"What's New? How Is the World Treating You?"

In 1939 Johnny Burke (1908-1964) composed the music and Bob Haggard (1914-1998) wrote the lyrics for the hit song "What's New?" whose first line serves as the title of this blog.  To listen to Linda Ronstadt (born 1946) perform "What's New?" with Nelson Riddle (1921-1985) and his orchestra (Asylum, 1983), click here.  A new window will open, allowing the music to play in the background.

Check this web page for occasional posts containing news and commentary, mainly about events in Central Europe.  To read the article of your choice, either click on the title that appears in the table of contents or scroll down the page.
For news and commentary from the most recent past quarter, click here.  For earlier quarters in the year or previous years, see the Introduction and Index for "What's New?"

Table of Contents for the Second Quarter of 2020

The Prague Spring Concert Series for 2020 Is on Line    24 May 2020

Since the end of the Second World War, Prague has sponsored a series of concerts in a cycle called Prague Spring.  They occur in several venues throughout the city, with concerts ranging from symphonic selections to jazz.  Musicians and entire orchestras come from all over the world to take part in the performances, which receive state funding and are within the budgets of the vast majority of ordinary Czech citizens.  This year, the coronavirus has disrupted the concerts, so the organizers putt the entire schedule on line.  The concerts begin on 24 May and continue, every day, until 4 June (there is no concert on Saturday, 30 May).  To listen to the concerts, click on https://festival.cz/en/program/ (from the menu at the top of the page, be sure to select EN, for English, instead of CZ, for Czech).  Scroll down to see the individual concerts, or click the “Event Calender” tab.  At the appointed time, click on the specific concert, scroll down, and click on the blue viewing screen.  Once the performance ends, it is no longer available and disappears from the calendar.

Music is one way to restore life’s energy.  In this time of continued uncertainty, a free classical concert from Prague is a safe way to celebrate the arrival of summer and the renew one’s spirits.  Enjoy!

The Seventy-Fifth Anniversary of the End of World War II in Europe    8 May 2020

On 7 May 1945, the Germans surrendered to the British, French, and Americans at Reims, France, and they signed another treaty with the Soviets, in Berlin, on 9 May 1945.  The seventy-fifth anniversary of the end of the Second World War with Germany normally would be a grand affair in Europe, but coronavirus required subdued commemorations.  The Washington Post published an article about the anniversary of the war’s end from the Russian standpoint and highlighted the activities of Galina Brok-Beltsova (born 1925), the last surviving member of the Soviet all-female aviation regiments.  She served as a navigator on a bomber.  After the war, she became a historian.  See https://www.washingtonpost.com/world/europe/this-woman-flew-soviet-combat-missions-in-wwii-she-is-the-last-one-left/2020/05/07/0f6a9896-84aa-11ea-81a3-9690c9881111_story.html?utm_campaign=wp_post_most&utm_medium=email&utm_source=newsletter&wpisrc=nl_most.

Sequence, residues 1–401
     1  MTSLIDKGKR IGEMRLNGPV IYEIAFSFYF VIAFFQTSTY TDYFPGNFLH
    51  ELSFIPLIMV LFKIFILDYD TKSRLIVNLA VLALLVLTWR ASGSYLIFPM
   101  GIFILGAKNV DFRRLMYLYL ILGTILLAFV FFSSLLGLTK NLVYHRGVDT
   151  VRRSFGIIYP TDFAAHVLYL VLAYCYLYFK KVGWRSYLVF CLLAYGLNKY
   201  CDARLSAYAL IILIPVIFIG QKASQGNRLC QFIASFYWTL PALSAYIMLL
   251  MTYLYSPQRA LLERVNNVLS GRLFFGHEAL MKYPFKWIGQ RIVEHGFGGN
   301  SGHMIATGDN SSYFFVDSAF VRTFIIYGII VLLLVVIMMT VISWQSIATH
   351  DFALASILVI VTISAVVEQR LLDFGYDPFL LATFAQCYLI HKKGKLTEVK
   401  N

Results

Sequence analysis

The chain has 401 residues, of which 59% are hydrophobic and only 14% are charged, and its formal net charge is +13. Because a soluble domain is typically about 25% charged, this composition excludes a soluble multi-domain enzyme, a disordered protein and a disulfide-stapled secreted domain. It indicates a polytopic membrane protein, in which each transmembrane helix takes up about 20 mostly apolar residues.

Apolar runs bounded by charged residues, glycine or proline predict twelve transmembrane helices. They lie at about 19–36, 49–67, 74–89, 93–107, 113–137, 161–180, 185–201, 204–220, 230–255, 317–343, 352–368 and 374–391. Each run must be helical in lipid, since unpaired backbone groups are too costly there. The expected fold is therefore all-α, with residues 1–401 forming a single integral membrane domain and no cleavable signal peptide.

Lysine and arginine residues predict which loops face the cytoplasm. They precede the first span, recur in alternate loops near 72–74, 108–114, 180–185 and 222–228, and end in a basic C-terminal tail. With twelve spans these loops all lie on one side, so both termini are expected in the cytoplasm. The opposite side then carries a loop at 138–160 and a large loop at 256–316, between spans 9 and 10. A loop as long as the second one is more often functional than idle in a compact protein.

Coronavirus Edition    7 May 2020

The first quarter of 2020 was remarkable for the spread of the coronavirus pandemic, which also had an effect on CentralEuropeanObserver.com. Lenka Kocková and I had planned a tour in May 2020, and all the pieces had fallen into place beautifully. Because of the virus, however, we had to cancel the tour, on 8 March, much to the disappointment of the participants. Lenka and I are working on rescheduling the tour for 2021.

Complicating matters in the first four months of 2020 was a fourth course that I taught online. “Contested Lands: Europe between Germany and Russia” is an undergraduate course that I may teach again in the future. I spent the entire semester writing the lectures for the course and assembling tables, figures, images, and personal photographs. As a result of the course, I was unable to update this website, even though there were important developments, especially in the deepening of dictatorial control in Hungary and Poland and increased tensions between the Czech Republic and Russia.

During the summer months, I do not prepare many posts, but I will create a few. In the meantime, I encourage everyone to be cautious and to maintain social distancing, despite what some state and local governments may do to restart their economies. If you are inclined to use the European Union or individual states as an indicator for whether it is safe to resume normal activities, keep in mind that European states shut down much earlier than the United States, and their lockdown measures were far stricter than those in the US. As a result, recovery in America will arrive later than in the EU, especially if parts of the US reopen before the virus has abated sufficiently.